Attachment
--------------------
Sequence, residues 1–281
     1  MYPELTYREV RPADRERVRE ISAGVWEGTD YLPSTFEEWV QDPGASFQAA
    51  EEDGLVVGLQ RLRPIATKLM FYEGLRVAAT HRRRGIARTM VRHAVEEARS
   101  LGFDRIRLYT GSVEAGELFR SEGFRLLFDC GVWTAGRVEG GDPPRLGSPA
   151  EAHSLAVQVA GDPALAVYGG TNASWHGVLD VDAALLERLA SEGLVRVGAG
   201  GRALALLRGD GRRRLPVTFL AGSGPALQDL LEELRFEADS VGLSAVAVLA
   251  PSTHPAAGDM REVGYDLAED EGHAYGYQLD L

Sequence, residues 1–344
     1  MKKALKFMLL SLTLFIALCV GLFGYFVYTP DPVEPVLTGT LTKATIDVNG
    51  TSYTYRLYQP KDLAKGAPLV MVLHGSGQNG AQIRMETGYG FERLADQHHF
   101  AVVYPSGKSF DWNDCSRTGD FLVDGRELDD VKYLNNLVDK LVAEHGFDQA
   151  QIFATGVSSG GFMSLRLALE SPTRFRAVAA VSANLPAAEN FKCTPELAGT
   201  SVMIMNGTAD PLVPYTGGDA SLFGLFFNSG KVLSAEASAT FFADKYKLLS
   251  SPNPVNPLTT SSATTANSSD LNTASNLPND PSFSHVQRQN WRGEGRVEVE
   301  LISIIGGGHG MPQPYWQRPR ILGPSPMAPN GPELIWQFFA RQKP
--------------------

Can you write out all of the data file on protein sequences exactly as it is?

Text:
Sequence, residues 1–281
     1  MYPELTYREV RPADRERVRE ISAGVWEGTD YLPSTFEEWV QDPGASFQAA
    51  EEDGLVVGLQ RLRPIATKLM FYEGLRVAAT HRRRGIARTM VRHAVEEARS
   101  LGFDRIRLYT GSVEAGELFR SEGFRLLFDC GVWTAGRVEG GDPPRLGSPA
   151  EAHSLAVQVA GDPALAVYGG TNASWHGVLD VDAALLERLA SEGLVRVGAG
   201  GRALALLRGD GRRRLPVTFL AGSGPALQDL LEELRFEADS VGLSAVAVLA
   251  PSTHPAAGDM REVGYDLAED EGHAYGYQLD L

Sequence, residues 1–344
     1  MKKALKFMLL SLTLFIALCV GLFGYFVYTP DPVEPVLTGT LTKATIDVNG
    51  TSYTYRLYQP KDLAKGAPLV MVLHGSGQNG AQIRMETGYG FERLADQHHF
   101  AVVYPSGKSF DWNDCSRTGD FLVDGRELDD VKYLNNLVDK LVAEHGFDQA
   151  QIFATGVSSG GFMSLRLALE SPTRFRAVAA VSANLPAAEN FKCTPELAGT
   201  SVMIMNGTAD PLVPYTGGDA SLFGLFFNSG KVLSAEASAT FFADKYKLLS
   251  SPNPVNPLTT SSATTANSSD LNTASNLPND PSFSHVQRQN WRGEGRVEVE
   301  LISIIGGGHG MPQPYWQRPR ILGPSPMAPN GPELIWQFFA RQKP